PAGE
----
Hawaiian Airlines revised its operating and cost guidance for the quarter ending 31 March 2013 in an investor update filed today with the US Securities and Exchange Commission.
The Honolulu-based carrier expects cost per available seat mile (CASM) excluding fuel to decline between 5.5% and 8.5% compared to the first quarter of 2012, when CASM was 8.99 cents. Hawaiian had predicted in a 29 January conference call that CASM would drop 3% to 6%.
Hawaiian attributes the decline to certainty of maintenance costs, timing of maintenance events and a drop in commissions and other selling expenses as a result of a decrease in its passenger load factor. The airline says its load factor for the quarter would fall 1.5 percentage points to 3.5 percentage points below its first quarter 2012 load factor, which was 83.8%. In January the company predicted the decline would be no more than two percentage points.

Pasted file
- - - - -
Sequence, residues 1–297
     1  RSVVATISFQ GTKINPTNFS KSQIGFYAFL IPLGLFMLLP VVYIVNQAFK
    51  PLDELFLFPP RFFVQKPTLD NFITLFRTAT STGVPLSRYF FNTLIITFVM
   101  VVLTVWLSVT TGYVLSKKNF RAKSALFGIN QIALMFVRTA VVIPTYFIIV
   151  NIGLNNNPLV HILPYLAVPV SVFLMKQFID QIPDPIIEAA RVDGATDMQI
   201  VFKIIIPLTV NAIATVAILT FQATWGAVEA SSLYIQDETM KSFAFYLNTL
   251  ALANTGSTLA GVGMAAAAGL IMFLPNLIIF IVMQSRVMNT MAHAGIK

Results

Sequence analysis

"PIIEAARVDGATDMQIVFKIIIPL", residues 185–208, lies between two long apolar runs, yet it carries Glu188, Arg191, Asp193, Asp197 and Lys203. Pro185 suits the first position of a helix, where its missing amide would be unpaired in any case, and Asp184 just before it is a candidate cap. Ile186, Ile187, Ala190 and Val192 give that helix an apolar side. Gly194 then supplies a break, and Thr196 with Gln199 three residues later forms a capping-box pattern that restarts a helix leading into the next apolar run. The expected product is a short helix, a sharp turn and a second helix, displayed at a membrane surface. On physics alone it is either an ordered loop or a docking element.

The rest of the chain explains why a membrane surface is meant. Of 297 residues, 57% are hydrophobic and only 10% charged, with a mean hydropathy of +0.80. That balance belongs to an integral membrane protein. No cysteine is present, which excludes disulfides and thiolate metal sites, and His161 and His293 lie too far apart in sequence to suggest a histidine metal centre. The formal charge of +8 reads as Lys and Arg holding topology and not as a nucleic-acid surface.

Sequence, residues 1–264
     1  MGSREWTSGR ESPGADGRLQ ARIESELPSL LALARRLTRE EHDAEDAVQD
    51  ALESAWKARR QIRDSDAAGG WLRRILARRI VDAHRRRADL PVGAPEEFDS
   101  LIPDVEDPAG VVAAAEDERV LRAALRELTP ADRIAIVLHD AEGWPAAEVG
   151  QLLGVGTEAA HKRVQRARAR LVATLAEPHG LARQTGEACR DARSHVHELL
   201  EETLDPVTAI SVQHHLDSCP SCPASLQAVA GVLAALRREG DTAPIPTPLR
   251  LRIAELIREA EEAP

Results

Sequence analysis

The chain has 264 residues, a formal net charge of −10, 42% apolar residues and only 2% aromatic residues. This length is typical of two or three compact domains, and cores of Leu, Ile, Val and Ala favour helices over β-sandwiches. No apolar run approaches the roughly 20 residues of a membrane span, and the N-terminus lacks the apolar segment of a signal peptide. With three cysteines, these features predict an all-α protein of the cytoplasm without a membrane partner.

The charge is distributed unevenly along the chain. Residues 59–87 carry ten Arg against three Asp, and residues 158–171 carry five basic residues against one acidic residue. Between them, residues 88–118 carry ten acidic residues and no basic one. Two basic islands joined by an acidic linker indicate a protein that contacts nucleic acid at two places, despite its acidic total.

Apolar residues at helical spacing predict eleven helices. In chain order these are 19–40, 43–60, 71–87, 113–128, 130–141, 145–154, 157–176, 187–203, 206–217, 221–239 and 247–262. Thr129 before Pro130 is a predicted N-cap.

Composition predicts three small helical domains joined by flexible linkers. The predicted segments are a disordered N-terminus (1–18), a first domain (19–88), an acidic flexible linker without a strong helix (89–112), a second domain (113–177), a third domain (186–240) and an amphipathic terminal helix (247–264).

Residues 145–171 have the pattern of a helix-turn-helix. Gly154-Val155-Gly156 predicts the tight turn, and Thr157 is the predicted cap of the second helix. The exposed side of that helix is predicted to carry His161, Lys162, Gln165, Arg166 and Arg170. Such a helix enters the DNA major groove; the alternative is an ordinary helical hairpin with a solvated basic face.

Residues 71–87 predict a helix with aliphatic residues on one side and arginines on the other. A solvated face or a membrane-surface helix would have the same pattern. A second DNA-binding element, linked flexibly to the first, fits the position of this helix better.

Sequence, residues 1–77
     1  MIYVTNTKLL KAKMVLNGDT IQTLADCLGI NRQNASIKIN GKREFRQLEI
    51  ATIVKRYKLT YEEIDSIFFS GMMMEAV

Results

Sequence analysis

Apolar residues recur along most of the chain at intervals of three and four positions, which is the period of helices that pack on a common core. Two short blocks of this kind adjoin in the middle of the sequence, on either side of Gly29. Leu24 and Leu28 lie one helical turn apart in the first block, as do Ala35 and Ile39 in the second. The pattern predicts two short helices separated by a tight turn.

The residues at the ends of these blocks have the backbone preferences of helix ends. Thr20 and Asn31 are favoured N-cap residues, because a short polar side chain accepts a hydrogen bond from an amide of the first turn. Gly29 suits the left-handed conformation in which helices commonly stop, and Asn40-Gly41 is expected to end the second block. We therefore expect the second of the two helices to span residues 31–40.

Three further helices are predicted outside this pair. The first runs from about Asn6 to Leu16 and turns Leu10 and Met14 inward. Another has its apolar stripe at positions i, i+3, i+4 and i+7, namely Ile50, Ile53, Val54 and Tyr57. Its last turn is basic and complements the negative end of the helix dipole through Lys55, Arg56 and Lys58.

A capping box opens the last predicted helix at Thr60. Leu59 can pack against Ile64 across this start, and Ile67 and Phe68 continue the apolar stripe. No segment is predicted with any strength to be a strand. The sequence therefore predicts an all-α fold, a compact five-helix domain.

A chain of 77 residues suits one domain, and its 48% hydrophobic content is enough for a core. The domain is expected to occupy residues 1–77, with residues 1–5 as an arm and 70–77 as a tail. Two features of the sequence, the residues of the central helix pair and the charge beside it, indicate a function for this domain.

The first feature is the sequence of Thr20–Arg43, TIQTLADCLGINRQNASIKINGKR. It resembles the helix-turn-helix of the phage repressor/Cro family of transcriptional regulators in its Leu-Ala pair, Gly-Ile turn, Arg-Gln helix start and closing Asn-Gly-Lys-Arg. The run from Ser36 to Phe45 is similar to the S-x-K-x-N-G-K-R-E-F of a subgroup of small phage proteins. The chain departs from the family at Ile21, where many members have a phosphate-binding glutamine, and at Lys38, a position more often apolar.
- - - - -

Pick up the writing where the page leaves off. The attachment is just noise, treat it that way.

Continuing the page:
Hawaiian also revised downward revenue projections, estimating that passenger revenue per available seat mile (PRASM) for the quarter would be 9.5% to 12.5% down from PRASM for the same period last year, which was 12.45 cents. The airline, which had predicted PRASM would decline between 6% and 9%, attributed the drop to lower-than-expected loads and yields on a small number of international routes.
In addition, Hawaiian says operating revenue per available seat mile would fall 9% to 12%, instead of 7% to 10%. It says passenger revenue per revenue passenger mile (RPM) would decline 6.5% to 9.5%, not 5% to 8%.
Operating revenue per ASM was 13.86 cents in the first quarter of 2012 and passenger revenue per RPM was 14.86 cents.